Poland remains coal-centric. In fact, since the middle of 2020, the country has generated more electricity from coal than Germany, a much bigger country with a significantly stronger economy. This makes Poland the largest coal-based power producer in the European Union, according to analysts from think tank Ember. At the end of 2020, hard coal and lignite accounted for nearly 70 percent of the Polish electricity mix. In a two-part miniseries, en:former presents Poland’s energy system. The first part deals with the still high dependence on coal in electricity generation, while the ambitious expansion plans for offshore wind energy are the topic of part 2.
In view of the EU’s climate goals, however, Poland must follow suit with other member states and accelerate its own energy transition. By consequence, renewable sources of energy are increasingly gaining importance. The government recently set a target for the expansion of wind energy and gave it a legal framework. In a two-part mini-series, en:former will shine a spotlight on the Central European country and its gradual farewell to its coal tradition. In Part I, we analysed the status quo. Now, in Part II, we will provide some insight into the country’s declared plans to expand offshore wind.
Parliament’s green light to offshore wind
To enable ambitious offshore wind projects, Poland enacted the Offshore Wind Act. In so doing, the country’s parliament laid down the first set of rules governing the construction and operation of wind farms in the Baltic Sea. The regulations, including the dedicated support scheme, passed
They envisage the regulator granting support for 5.9 gigawatts (GW) by mid-2021 – under the proviso that this capacity be taken online between 2025 and 2030. Further support will be auctioned for an additional 3 to 5 GW between 2025 and 2027, with this capacity scheduled to be put on the system from the next decade onwards. Based on current data, this would push Poland’s installed capacity up to nearly 11 GW, making it the biggest offshore wind country on the Baltic Sea.
Similar to the United Kingdom today, Poland will also support offshore wind energy with contracts for difference (CfDs). In Phase 1, the regulator awards CfDs to the operators of more mature projects for a project-dependent exercise price, which is also subject to EU state aid approval. Effectively, CfDs translate into a fixed payment per megawatt hour of electricity. If the electricity price realised exceeds it, the wind farm operator has to pay the difference to the state, and if it falls below the fixed remuneration, the operator is refunded the difference.
Meanwhile, new seabed licences are awarded in competitive procedures, a process expected to gain momentum soon. Starting from 2025, these projects will be able to compete in CfD auctions in Phase 2. Support will be granted to the bidders with the lowest exercise prices. CfD support will be limited to 25 years or 100,000 full load hours of operation. This means that the CfDs would likely expire prematurely at an average utilisation rate above 45.7 percent.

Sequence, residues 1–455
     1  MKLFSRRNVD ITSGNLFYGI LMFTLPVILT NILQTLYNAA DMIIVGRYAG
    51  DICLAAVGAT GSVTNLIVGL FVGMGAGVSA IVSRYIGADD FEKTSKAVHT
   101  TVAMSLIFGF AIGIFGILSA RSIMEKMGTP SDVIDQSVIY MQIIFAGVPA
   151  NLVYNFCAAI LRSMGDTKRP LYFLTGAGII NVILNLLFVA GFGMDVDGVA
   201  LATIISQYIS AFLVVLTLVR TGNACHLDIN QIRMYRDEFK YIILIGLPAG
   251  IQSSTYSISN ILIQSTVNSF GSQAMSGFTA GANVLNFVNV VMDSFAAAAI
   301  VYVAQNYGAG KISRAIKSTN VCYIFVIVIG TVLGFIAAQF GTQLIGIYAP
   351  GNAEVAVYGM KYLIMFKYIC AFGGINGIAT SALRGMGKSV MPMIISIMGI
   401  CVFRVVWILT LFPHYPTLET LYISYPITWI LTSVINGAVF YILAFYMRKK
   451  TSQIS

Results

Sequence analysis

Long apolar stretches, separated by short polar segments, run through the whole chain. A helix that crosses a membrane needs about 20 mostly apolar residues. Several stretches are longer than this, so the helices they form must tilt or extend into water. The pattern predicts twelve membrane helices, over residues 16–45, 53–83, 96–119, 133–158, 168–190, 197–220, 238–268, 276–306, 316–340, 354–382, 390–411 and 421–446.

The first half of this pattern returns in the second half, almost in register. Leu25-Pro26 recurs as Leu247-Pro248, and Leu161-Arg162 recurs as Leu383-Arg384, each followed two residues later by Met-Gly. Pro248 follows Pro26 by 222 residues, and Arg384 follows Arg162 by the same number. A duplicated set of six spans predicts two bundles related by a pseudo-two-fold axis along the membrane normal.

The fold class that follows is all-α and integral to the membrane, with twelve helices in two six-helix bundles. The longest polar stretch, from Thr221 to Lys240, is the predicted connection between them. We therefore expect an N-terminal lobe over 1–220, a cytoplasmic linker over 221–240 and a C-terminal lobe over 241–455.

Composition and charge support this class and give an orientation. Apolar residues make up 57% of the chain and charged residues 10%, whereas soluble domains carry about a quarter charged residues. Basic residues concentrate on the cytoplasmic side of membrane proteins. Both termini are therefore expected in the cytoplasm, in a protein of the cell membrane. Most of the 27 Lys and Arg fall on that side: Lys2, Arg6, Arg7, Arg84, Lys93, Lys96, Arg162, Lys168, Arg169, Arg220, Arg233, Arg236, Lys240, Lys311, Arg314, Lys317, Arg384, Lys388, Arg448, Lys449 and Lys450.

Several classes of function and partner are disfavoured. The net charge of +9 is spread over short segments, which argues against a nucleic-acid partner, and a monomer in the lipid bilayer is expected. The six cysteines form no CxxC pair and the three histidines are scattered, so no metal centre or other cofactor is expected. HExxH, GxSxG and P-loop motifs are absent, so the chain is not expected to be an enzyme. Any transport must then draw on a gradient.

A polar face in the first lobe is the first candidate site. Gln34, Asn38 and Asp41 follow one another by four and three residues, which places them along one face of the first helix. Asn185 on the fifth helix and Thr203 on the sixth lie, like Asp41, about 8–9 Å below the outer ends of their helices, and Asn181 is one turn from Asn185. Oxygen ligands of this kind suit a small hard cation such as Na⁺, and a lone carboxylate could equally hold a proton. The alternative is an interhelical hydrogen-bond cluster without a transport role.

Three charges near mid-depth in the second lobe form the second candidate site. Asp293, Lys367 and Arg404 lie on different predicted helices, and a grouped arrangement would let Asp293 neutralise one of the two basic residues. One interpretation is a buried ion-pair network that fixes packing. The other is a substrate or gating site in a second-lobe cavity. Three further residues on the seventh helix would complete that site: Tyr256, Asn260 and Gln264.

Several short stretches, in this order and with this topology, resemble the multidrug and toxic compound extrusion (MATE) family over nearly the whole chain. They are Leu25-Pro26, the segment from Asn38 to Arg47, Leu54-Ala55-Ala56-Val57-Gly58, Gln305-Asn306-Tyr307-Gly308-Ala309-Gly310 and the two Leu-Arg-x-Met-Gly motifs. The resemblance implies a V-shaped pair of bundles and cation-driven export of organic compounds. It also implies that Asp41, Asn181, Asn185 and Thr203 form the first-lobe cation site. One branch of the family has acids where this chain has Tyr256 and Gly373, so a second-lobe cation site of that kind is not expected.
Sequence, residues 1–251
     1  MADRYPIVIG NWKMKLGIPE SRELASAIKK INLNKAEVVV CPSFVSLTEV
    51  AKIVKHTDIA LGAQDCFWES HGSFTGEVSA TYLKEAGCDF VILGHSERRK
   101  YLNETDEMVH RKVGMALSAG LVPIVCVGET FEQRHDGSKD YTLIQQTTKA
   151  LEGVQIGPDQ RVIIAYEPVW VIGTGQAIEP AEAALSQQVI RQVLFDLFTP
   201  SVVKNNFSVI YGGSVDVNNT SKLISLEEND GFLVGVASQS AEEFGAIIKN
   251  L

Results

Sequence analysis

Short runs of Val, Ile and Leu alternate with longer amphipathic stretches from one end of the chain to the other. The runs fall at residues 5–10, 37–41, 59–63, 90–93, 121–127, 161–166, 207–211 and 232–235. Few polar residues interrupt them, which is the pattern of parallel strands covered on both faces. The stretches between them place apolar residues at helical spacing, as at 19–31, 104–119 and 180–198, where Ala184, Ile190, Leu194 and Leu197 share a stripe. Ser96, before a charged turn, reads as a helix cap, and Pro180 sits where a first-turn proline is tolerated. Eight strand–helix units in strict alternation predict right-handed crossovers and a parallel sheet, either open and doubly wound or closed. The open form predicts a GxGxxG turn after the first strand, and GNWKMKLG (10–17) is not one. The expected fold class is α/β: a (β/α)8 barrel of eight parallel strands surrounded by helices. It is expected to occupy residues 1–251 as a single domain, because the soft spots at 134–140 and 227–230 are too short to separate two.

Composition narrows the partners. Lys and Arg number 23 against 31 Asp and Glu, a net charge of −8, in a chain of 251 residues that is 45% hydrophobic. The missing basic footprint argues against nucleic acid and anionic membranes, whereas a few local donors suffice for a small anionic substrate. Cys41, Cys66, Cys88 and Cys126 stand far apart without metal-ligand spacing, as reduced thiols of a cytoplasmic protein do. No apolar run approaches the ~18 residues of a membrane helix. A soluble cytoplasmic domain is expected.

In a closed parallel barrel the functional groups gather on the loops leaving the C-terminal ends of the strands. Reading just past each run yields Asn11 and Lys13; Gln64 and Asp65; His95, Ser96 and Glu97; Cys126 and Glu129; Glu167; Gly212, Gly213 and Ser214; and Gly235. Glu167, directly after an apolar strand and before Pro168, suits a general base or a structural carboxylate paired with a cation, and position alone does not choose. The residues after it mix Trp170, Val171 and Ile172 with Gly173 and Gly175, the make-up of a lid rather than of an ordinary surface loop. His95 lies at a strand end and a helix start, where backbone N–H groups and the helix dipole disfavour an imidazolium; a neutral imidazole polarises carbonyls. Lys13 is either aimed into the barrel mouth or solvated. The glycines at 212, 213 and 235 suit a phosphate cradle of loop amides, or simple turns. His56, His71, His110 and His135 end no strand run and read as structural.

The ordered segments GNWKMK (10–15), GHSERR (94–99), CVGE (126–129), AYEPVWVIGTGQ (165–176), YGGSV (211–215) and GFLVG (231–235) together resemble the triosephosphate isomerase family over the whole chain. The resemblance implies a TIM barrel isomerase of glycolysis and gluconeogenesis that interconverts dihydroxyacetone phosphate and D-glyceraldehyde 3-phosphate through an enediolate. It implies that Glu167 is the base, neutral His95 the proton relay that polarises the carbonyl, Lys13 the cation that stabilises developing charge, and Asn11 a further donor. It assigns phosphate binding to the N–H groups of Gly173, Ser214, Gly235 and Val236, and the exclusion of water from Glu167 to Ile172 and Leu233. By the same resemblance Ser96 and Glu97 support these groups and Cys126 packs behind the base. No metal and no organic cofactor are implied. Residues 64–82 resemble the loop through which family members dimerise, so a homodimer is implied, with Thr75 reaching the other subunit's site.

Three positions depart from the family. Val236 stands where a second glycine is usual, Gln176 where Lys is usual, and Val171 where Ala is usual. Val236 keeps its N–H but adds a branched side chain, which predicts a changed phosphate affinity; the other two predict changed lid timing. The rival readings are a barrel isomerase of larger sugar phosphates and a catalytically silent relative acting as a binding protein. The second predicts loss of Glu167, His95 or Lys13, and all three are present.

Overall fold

Participation in both phases is subject to compliance with strict requirements. One such prerequisite is preliminary supply chain planning. A particular of the procedure is that the construction of the grid connections to the onshore transformer stations is left up to the operators. This will probably inflate CfD prices commensurately.
CfD awards will initially consider projects that have already been allocated grid capacity and meet certain other criteria, i.e. projects belonging to RWE, Polenergia in partnership with Equinor, PGE in partnership with Orsted, PKN Orlen in partnership with Northland Power, and Ocean Wind. Several Polish companies develop offshore projects with foreign partners, and new collaborations may be set up to win new seabed lease awards. January thus saw the three Polish energy groups PGE, Enea and Tauron sign a letter of intent for the joint construction of offshore wind farms.
RWE Renewables, the world No. 2 in offshore wind, also has plans to build wind farms in the Polish Baltic Sea. The company has a pipeline of offshore projects in the area surrounding Slupsk Bank (Central Baltic Sea), and has already secured a first CfD award for the most mature project, FEW Baltic 2.
By building wind farms in the Baltic Sea, Poland will take a major step towards implementing its energy transition. So far, the country has generated some 80 percent of its electricity from fossil fuel, with coal leading the way. Wind energy, which has been entirely onshore to date, contributes a mere 10 percent.
Based on the referenced utilisation rate of 45.7 percent, the offshore wind farms planned through to 2030, which will have a combined capacity of 5.9 GW, would produce approximately 23.6 terawatt hours of electricity per annum. This roughly equals 16 percent of Poland’s current power consumption. The first turbines in the Polish Baltic Sea could start putting electricity on the system in 2025.
Poland hopes that developing and operating offshore wind farms will lead not only to a more sustainable electricity mix, as the seaports of Szczecin, Gdańsk and Gdynia also stand to reap economic benefits. Skilled workers with outstanding qualifications will be required to build and maintain not only the plants but also the necessary special vessels. The Polish Wind Energy Association PSEW anticipates annual investments equivalent to about 4.3 billion euros.
This has the potential to turn offshore wind energy into a major pillar of the Polish economy during the post-COVID reconstruction phase. Indeed, thanks to its wind energy sector, Poland could actually advance to become a European hydrogen region.
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